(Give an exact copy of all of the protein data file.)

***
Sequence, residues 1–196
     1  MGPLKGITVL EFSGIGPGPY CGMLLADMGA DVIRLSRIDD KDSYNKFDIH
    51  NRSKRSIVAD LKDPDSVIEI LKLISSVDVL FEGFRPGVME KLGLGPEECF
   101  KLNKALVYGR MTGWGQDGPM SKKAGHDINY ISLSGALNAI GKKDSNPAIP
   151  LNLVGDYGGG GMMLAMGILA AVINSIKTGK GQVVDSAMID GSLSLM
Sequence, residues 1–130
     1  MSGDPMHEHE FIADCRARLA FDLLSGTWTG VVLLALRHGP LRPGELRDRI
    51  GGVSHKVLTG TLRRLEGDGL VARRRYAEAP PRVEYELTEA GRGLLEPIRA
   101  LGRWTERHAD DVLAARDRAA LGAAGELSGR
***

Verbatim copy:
Sequence, residues 1–196
     1  MGPLKGITVL EFSGIGPGPY CGMLLADMGA DVIRLSRIDD KDSYNKFDIH
    51  NRSKRSIVAD LKDPDSVIEI LKLISSVDVL FEGFRPGVME KLGLGPEECF
   101  KLNKALVYGR MTGWGQDGPM SKKAGHDINY ISLSGALNAI GKKDSNPAIP
   151  LNLVGDYGGG GMMLAMGILA AVINSIKTGK GQVVDSAMID GSLSLM
Sequence, residues 1–130
     1  MSGDPMHEHE FIADCRARLA FDLLSGTWTG VVLLALRHGP LRPGELRDRI
    51  GGVSHKVLTG TLRRLEGDGL VARRRYAEAP PRVEYELTEA GRGLLEPIRA
   101  LGRWTERHAD DVLAARDRAA LGAAGELSGR